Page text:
A long list of films rolls down a billboard at India International Centre (IIC), raising the inevitable question, ‘which one to leave out’. For, Open Frame, Public Services Broadcasting Trust’s (PSBT) annual film festival, dazes by sheer numbers. Almost 40 films will be screened till September 2, on themes ranging from ecology and urban crises to celebrations of culture.
Sharada Ramanathan, for instance, undertakes a journey through the history and varieties of Indian classical dance in Natyanubhava, and is matched by Laili Dutta’s Ocean of Melody, an evocation of Indian classical music down the ages.
Unfolding The Pata Story, on the other hand, in less than an hour, runs through the story of patua artists who create scroll paintings, among the earliest forms of audio-visual storytelling in the world.
Rajiv Mehrotra, Managing Trustee of PSBT, says that the organisation funds filmmakers but does not dictate their subjects. “It is interesting when patterns emerge that we can spot but cannot always explain. The recent trending topics have included spirituality and gender, showcased by films such as Akanksha Joshi’s Hindu Nectar: Spiritual Wanderings in India (a daughter’s journey from the Himalayas to peninsular India, through rivers, mountains, forests and caves learning the significance of the rituals she has inherited) and Sulh-e-Kul (a bird’s and worm’s eye view of the history, cultural impact, sights and sounds of Ajmer Sharif Dargah).”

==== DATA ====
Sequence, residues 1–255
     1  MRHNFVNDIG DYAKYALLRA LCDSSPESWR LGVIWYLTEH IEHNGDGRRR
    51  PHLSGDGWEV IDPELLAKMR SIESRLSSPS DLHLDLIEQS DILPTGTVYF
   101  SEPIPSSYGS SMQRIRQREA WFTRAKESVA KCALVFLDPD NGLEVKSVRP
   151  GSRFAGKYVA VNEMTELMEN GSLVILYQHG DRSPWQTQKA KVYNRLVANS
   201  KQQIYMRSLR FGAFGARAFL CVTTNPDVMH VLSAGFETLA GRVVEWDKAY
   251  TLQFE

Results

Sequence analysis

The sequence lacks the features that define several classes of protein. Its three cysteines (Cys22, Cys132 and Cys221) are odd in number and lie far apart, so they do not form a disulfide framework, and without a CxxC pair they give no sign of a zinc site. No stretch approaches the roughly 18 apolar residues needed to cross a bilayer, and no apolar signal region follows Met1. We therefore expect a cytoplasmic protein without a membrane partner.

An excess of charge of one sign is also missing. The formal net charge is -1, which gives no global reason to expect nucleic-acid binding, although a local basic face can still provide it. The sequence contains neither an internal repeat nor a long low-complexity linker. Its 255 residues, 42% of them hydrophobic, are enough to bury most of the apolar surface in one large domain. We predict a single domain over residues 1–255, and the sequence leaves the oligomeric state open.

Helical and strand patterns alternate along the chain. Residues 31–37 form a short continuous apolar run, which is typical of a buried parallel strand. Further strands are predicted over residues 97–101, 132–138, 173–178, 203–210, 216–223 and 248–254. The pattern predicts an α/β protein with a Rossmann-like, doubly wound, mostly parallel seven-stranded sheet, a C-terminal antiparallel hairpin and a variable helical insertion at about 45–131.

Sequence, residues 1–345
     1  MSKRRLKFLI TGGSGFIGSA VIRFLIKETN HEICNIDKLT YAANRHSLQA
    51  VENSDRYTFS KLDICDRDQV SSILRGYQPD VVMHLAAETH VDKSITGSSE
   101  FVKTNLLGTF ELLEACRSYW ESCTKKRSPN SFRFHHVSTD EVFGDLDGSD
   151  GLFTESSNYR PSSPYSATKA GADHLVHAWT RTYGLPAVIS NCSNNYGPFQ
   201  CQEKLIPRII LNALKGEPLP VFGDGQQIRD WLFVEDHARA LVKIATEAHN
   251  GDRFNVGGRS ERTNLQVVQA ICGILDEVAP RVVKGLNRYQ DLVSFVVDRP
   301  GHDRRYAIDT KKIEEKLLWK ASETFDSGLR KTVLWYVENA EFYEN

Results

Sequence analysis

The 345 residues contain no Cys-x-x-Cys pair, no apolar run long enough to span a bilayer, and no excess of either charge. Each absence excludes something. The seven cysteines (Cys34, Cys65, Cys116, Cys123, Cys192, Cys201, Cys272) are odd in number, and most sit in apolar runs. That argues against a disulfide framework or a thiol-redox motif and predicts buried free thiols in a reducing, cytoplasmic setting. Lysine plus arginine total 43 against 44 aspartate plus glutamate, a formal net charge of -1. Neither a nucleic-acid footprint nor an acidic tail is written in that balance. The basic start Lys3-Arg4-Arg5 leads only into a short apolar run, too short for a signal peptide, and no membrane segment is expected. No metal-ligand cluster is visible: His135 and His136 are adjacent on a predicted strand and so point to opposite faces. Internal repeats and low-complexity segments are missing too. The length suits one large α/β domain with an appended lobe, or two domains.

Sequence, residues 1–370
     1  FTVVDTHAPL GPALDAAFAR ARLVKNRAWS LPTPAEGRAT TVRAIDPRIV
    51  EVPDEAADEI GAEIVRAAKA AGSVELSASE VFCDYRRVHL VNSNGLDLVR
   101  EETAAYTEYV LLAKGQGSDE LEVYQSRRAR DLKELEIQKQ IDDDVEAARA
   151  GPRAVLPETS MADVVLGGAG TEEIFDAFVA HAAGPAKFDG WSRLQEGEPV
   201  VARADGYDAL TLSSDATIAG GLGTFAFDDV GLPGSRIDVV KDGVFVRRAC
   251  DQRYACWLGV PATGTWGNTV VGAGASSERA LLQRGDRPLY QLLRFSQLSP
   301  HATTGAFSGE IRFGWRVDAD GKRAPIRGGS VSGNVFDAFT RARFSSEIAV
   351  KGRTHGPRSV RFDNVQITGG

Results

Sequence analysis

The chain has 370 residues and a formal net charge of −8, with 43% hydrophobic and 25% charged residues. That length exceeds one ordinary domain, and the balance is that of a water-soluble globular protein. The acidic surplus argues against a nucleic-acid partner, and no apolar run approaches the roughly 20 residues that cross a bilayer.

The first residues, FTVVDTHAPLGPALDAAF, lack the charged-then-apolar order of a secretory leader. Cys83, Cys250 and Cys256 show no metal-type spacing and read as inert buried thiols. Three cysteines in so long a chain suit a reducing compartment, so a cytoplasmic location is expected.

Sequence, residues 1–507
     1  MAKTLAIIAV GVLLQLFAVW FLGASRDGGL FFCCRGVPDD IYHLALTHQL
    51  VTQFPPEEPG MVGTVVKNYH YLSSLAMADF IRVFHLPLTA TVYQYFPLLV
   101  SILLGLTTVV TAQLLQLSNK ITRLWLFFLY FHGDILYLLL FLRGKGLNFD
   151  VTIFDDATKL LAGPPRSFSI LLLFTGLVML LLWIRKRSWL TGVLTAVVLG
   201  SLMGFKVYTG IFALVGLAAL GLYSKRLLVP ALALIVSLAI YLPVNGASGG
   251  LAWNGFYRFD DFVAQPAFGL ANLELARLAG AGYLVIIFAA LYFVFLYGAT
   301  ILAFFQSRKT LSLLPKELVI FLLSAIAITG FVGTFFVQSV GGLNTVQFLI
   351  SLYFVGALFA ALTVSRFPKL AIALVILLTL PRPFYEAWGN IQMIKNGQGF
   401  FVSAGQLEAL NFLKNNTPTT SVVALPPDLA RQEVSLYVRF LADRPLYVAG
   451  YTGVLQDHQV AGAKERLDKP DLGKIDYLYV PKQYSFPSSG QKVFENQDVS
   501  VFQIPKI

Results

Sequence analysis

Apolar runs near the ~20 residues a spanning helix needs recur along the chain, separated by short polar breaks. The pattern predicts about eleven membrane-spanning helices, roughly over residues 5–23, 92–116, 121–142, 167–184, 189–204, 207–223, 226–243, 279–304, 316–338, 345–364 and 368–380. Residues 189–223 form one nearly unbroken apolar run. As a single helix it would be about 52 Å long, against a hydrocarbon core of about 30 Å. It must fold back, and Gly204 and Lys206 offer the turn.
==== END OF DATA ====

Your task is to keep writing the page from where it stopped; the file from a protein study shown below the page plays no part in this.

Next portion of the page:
Gender discourse, too, receives a wide treatment through films that not only look at the subjugation of women (Can’t Hide Me and Shame was a Place Inside) but also the tug and pull of life for homosexuals in India. Among these, Through the Looking Glass covers a day in the life of a man who has been experimenting with his sister’s clothes, only to be caught by her.
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Each film is followed with a Q&A with the filmmaker to encourage active participation of the audience. “I have noticed that, in the last 14 years, the audience has become younger and more probing. The Q&A sessions are not only about what the film is about but how it was made,” says Mehrotra.